Who is Eric Adams? Former Police Officer Likely to be NYC’s Next Mayor

Eric Adams, a former police officer, won the Democratic primary for the NYC mayoral race.

Who is Eric Adams? Former Police Officer Likely to be NYC’s Next Mayor

On July 6, Brooklyn Borough Chief and former police officer Eric Adams won the Democratic primary in the New York City. The win makes him a near certainty to become the next mayor of New York City, where people registered as Democrats outnumber registered Republicans six-to-one. Adams, who boasts extensive experience in politics and law enforcement, ran on a decidedly pro-police message at time when some other candidates put themselves firmly in the “defund the police” camp. If he becomes next mayor of New York City, Adams would take the reigns at a time when the city is enacting a number of reforms to the criminal justice system.

Adams beat out some big names to win NYC’s Democratic primary.

While Adams was considered the frontrunner as the race drew to a close, it didn’t start that way. Early in the race, Adams trailed former presidential hopeful Andrew Yang. And it wasn’t just him. In May, 13 candidates had qualified for the election.

Adams faced strong competition from the party’s progressive wing. Rep. Alexandria Ocasio-Cortez (D-NY) endorsed lawyer, professor and civil rights activist Maya Wiley two weeks before the first round of the election.

This election was the first to utilize a ranked-choice voting system. After coming in first in the first round of voting, Adams entered a runoff election with Kathryn Garcia, Commissioner of the NYC Department of Sanitation. In the runoff, Adams won 50.5% of the vote, edging out Garcia by fewer than 8,500 votes.

Eric Adams was a police officer with the NYPD for 22 years before entering politics.

Over the last 14 years, Adams has served in both the New York state Senate and as the Brooklyn Borough President But before that, he spent 22 years with the New York Police Department (NYPD). Adams joined the NYPD Transit Police in 1984 and continued with the department after it merged with the NYPD in 1996.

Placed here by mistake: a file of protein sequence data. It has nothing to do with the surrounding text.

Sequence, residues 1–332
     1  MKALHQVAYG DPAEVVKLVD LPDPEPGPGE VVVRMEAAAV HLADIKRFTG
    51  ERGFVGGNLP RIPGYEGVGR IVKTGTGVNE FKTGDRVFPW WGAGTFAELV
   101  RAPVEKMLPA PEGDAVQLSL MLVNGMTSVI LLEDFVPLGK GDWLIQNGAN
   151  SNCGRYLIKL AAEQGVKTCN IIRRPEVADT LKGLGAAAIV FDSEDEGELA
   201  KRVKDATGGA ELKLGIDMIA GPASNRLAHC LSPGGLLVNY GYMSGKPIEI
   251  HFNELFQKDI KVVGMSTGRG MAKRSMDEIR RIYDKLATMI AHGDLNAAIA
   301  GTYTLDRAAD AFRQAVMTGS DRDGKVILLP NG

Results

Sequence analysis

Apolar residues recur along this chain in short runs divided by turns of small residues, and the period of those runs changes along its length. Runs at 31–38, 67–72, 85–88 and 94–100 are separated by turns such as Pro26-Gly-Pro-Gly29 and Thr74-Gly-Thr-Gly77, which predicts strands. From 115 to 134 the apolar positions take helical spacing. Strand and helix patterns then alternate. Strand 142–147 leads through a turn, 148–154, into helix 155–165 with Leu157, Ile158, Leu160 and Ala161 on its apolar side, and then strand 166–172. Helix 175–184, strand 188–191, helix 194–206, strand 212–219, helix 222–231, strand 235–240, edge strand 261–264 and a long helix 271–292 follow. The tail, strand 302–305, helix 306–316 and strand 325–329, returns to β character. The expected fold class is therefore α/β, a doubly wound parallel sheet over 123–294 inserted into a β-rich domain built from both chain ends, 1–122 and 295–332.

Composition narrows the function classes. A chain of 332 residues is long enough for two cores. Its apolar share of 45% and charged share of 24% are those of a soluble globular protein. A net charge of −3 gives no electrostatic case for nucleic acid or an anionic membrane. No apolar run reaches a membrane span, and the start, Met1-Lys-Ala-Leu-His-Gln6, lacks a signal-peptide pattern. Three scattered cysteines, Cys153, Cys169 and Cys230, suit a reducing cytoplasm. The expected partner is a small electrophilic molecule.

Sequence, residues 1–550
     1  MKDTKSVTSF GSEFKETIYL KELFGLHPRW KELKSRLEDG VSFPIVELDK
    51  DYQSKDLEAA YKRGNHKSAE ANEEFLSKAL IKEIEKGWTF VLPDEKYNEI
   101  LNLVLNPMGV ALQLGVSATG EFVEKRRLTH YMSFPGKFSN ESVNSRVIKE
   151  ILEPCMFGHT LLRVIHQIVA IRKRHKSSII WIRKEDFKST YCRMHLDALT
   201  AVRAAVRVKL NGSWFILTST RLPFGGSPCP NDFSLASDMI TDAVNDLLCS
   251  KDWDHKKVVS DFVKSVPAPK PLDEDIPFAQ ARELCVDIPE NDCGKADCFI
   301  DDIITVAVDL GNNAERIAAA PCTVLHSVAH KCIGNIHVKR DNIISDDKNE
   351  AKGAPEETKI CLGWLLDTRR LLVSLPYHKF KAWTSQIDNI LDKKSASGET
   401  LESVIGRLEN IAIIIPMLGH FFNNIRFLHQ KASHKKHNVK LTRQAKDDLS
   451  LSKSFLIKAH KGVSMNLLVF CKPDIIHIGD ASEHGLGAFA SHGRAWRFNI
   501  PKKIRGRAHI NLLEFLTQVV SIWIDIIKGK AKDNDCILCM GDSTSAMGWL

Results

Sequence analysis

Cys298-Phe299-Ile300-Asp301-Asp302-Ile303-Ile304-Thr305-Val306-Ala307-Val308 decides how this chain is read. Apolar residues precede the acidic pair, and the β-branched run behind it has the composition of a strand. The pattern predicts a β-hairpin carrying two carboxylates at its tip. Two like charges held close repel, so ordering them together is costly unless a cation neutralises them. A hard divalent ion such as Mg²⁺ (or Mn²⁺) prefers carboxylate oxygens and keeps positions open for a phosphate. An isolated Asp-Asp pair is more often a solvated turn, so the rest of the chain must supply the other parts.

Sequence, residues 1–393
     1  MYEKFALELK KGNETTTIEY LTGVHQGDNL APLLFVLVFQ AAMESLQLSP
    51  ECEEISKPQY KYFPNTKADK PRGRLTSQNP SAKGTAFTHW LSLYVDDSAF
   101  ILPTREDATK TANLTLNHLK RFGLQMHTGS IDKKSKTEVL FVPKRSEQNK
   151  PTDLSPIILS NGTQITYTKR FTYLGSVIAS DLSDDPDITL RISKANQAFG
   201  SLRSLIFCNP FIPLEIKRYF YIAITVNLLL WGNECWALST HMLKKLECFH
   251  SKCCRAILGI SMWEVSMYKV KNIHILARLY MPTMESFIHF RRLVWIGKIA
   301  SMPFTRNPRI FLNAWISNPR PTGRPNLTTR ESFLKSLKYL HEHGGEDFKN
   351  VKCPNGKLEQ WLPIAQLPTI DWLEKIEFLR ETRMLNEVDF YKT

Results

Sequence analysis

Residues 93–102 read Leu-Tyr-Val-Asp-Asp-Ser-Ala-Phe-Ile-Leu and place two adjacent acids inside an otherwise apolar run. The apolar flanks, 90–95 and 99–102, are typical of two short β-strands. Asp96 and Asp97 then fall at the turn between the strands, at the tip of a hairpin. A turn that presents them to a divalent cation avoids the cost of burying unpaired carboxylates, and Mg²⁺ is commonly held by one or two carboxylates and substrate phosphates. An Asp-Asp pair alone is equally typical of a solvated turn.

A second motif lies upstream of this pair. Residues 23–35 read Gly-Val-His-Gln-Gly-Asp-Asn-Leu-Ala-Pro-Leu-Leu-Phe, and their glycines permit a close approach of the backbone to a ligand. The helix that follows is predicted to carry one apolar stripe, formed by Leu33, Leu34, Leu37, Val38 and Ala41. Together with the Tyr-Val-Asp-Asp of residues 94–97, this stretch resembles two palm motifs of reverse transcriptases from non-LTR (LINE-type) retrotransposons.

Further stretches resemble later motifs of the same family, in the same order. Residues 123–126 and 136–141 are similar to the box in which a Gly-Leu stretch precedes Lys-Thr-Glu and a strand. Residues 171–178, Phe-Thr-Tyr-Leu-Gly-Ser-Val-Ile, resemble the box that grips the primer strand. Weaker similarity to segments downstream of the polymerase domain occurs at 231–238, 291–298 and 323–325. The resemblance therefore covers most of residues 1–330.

But it was a negative experience with the NYPD that led Adams to join the force. When he was 15, NYPD officers arrested Adams and his brother for criminal trespassing. While in custody, officers beat the two brothers until a Black officer stepped in. Adams has said that this event prompted him to join the force in an attempt to change it from within.

Former police officer Eric Adams is likely to become NYC's next mayor.
Image courtesy of Robinson Greig via Unsplash.

The former officer has pushed for a mix of policies throughout his career.

Adams would indeed attempt to change the NYPD. In 1995, he co-founded the advocacy group 100 Blacks in Law Enforcement Who Care. The organization served to advocate for Black police officers who pushed for criminal justice reform. Since its inception, the group has spoken out against racial profiling and police brutality. And Adams himself has not been one to mince words.

“Lying is at the root of our training,” he said, in 1999. “At the academy, recruits are told that they should not see black or brown people as different, but we all do. We all know that the majority of people arrested for predatory crimes are African-American. We didn’t create that scenario, but we have to police in that scenario. So we need to be honest and talk about it.”